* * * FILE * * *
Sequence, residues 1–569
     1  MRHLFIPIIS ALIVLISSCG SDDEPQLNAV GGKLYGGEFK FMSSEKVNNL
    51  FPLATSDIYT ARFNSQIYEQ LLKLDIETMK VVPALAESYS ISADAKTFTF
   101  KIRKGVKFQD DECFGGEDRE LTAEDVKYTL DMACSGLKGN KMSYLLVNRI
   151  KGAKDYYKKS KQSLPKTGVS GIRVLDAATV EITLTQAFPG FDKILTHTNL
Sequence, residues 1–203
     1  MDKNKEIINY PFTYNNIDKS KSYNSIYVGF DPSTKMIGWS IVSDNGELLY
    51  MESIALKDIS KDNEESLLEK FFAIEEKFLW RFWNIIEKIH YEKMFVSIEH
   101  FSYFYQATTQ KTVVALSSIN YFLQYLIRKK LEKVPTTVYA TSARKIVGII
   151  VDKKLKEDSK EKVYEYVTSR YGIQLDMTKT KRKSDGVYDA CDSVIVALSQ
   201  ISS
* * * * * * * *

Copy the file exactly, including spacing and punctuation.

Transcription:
Sequence, residues 1–569
     1  MRHLFIPIIS ALIVLISSCG SDDEPQLNAV GGKLYGGEFK FMSSEKVNNL
    51  FPLATSDIYT ARFNSQIYEQ LLKLDIETMK VVPALAESYS ISADAKTFTF
   101  KIRKGVKFQD DECFGGEDRE LTAEDVKYTL DMACSGLKGN KMSYLLVNRI
   151  KGAKDYYKKS KQSLPKTGVS GIRVLDAATV EITLTQAFPG FDKILTHTNL
Sequence, residues 1–203
     1  MDKNKEIINY PFTYNNIDKS KSYNSIYVGF DPSTKMIGWS IVSDNGELLY
    51  MESIALKDIS KDNEESLLEK FFAIEEKFLW RFWNIIEKIH YEKMFVSIEH
   101  FSYFYQATTQ KTVVALSSIN YFLQYLIRKK LEKVPTTVYA TSARKIVGII
   151  VDKKLKEDSK EKVYEYVTSR YGIQLDMTKT KRKSDGVYDA CDSVIVALSQ
   201  ISS